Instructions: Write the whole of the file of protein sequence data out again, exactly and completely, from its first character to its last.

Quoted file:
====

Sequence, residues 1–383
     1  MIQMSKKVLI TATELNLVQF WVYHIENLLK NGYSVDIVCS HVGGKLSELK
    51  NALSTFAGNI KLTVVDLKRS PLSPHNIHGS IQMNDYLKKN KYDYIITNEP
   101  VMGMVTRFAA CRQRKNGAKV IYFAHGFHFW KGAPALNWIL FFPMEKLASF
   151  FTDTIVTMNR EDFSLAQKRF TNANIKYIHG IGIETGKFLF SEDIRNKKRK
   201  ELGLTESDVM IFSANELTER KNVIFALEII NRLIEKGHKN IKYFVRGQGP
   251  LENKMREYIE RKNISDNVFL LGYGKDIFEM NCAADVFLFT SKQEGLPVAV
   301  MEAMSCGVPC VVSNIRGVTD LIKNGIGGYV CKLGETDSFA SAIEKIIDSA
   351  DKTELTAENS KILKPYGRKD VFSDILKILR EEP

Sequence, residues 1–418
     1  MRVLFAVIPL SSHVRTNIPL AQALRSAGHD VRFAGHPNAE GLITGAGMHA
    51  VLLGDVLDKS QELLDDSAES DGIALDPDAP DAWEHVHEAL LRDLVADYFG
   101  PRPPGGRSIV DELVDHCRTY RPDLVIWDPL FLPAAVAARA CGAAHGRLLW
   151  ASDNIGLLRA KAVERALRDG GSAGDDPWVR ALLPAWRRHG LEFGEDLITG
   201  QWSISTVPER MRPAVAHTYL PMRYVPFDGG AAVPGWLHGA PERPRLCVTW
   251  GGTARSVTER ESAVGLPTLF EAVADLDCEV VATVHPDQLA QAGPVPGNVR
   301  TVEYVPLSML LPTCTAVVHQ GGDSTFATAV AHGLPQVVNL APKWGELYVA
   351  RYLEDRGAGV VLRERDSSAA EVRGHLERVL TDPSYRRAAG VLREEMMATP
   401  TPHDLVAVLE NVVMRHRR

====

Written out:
Sequence, residues 1–383
     1  MIQMSKKVLI TATELNLVQF WVYHIENLLK NGYSVDIVCS HVGGKLSELK
    51  NALSTFAGNI KLTVVDLKRS PLSPHNIHGS IQMNDYLKKN KYDYIITNEP
   101  VMGMVTRFAA CRQRKNGAKV IYFAHGFHFW KGAPALNWIL FFPMEKLASF
   151  FTDTIVTMNR EDFSLAQKRF TNANIKYIHG IGIETGKFLF SEDIRNKKRK
   201  ELGLTESDVM IFSANELTER KNVIFALEII NRLIEKGHKN IKYFVRGQGP
   251  LENKMREYIE RKNISDNVFL LGYGKDIFEM NCAADVFLFT SKQEGLPVAV
   301  MEAMSCGVPC VVSNIRGVTD LIKNGIGGYV CKLGETDSFA SAIEKIIDSA
   351  DKTELTAENS KILKPYGRKD VFSDILKILR EEP

Sequence, residues 1–418
     1  MRVLFAVIPL SSHVRTNIPL AQALRSAGHD VRFAGHPNAE GLITGAGMHA
    51  VLLGDVLDKS QELLDDSAES DGIALDPDAP DAWEHVHEAL LRDLVADYFG
   101  PRPPGGRSIV DELVDHCRTY RPDLVIWDPL FLPAAVAARA CGAAHGRLLW
   151  ASDNIGLLRA KAVERALRDG GSAGDDPWVR ALLPAWRRHG LEFGEDLITG
   201  QWSISTVPER MRPAVAHTYL PMRYVPFDGG AAVPGWLHGA PERPRLCVTW
   251  GGTARSVTER ESAVGLPTLF EAVADLDCEV VATVHPDQLA QAGPVPGNVR
   301  TVEYVPLSML LPTCTAVVHQ GGDSTFATAV AHGLPQVVNL APKWGELYVA
   351  RYLEDRGAGV VLRERDSSAA EVRGHLERVL TDPSYRRAAG VLREEMMATP
   401  TPHDLVAVLE NVVMRHRR